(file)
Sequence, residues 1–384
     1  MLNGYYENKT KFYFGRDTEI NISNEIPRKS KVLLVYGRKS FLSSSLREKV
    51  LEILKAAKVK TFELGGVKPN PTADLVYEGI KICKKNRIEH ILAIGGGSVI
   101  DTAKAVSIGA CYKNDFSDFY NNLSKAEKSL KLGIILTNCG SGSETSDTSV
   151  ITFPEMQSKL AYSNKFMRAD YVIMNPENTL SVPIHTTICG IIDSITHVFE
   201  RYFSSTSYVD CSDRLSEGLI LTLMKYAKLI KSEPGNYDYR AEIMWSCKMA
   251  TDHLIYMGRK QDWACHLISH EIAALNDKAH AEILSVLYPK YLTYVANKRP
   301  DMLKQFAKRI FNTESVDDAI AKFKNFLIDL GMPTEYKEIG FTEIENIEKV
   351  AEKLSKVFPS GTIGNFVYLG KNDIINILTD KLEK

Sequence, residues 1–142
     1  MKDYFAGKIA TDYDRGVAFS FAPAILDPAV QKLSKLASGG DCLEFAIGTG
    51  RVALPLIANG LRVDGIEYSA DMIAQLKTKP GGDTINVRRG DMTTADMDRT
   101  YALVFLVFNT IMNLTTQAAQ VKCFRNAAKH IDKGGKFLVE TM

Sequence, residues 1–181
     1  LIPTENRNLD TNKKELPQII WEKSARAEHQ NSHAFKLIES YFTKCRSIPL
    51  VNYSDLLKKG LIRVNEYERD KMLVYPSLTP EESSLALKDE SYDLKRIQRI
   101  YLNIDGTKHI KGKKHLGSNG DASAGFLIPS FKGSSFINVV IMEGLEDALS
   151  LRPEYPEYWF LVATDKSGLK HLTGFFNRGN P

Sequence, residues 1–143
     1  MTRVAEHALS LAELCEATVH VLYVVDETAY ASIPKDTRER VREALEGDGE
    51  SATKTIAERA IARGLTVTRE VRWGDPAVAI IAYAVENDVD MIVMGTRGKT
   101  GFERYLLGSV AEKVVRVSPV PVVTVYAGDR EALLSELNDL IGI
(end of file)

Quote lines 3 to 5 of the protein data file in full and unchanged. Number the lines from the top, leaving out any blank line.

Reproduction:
    51  LEILKAAKVK TFELGGVKPN PTADLVYEGI KICKKNRIEH ILAIGGGSVI
   101  DTAKAVSIGA CYKNDFSDFY NNLSKAEKSL KLGIILTNCG SGSETSDTSV
   151  ITFPEMQSKL AYSNKFMRAD YVIMNPENTL SVPIHTTICG IIDSITHVFE